"The problem here is that the parallel runways on the north side are too close together," she said. "A landing aircraft that leaves the outward runway on a high-speed taxiway literally has only a
few feet to stop before crossing the inner runway hold line." On Aug. 16 a WestJet Boeing 737 stopped just short of a runway being used by a Northwest A320 for takeoff and the wingtip of the Airbus
passed 37 feet from the nose of the 737. And it now appears the ground controller handling the WestJet plane will take the full rap for the incident even though the FAA insists the Canadian pilot was
partly to blame.
FAA spokesman Ian Gregor told the Calgary Herald that the unnamed pilot will avoid blame because there's no regulation covering the error he made in switching from the tower frequency to the
ground controller before being told to do so. Gregor said it's "standard procedure" to wait for authorization from the tower before switching to ground but it's not a formal reg. In Gregor's mind,
that doesn't leave the pilot off the hook. "It is our position that the actions of the WestJet pilot contributed to the incident by creating confusion in the air traffic controller's mind," Gregor
said. WestJet was happy to fly through the loophole, however. Spokesman Richard Bartrem said that while such handoffs are mandatory in Canada, they aren't in the U.S. "There's an inconsistent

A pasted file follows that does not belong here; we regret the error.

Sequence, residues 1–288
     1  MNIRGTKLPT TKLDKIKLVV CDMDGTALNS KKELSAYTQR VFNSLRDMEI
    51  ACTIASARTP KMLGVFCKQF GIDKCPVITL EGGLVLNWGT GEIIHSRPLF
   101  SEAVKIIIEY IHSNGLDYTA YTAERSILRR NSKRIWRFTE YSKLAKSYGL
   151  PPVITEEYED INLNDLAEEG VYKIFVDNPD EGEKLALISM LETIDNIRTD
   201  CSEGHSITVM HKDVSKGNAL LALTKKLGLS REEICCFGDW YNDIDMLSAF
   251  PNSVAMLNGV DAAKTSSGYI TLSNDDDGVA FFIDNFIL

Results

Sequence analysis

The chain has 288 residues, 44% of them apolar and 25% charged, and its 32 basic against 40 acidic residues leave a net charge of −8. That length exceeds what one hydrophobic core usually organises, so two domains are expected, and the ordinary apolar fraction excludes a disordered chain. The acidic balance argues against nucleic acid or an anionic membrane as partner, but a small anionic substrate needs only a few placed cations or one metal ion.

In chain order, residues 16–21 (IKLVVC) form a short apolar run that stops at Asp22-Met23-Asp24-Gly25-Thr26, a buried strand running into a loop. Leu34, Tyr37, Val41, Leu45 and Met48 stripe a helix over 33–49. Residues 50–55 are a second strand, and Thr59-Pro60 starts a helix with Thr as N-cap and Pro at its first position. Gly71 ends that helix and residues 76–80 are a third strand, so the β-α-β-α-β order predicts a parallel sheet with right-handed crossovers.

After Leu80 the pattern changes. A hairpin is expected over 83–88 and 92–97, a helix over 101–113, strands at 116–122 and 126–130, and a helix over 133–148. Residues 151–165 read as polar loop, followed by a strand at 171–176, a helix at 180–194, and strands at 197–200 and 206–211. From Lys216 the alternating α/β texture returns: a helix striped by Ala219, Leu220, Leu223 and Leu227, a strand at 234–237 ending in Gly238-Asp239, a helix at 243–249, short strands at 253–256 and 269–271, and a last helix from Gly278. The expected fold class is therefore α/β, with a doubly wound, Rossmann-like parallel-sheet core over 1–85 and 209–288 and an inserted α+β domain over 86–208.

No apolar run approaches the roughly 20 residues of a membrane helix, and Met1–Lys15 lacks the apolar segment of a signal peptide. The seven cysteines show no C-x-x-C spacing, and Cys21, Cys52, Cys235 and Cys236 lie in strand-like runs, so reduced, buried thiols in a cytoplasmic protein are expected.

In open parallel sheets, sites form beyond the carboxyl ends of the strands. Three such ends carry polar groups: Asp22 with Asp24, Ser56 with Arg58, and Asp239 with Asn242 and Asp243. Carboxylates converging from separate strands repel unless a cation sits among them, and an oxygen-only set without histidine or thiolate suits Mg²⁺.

application in the U.S. as to when that handshake, if you will, takes place," he said. "We didn't receive authorization, but it's not required," he said.
CNN say a judge in Brazil has turned down a request from Long Island bizjet pilots Joe Lepore and Jan
Paladino to use a U.S. court to testify about their role in a collision between their Embraer 600 and a GOL Boeing 737 that resulted in the deaths of all 154 aboard the airliner last year. The pilots
have a date in front of Judge Murilo Mendes on Monday but their lawyer Joel Weiss says they don't mind telling their story under oath but they'd rather do it within sight of the Statue of Liberty.
Weiss says the U.S. and Brazil have a treaty that allows this type of long-distance testimony. Ironically, it's the Brazilians who fear they won't get a fair shake from the process. A court spokesman
said Mendes is afraid a U.S. judge will filter his questions.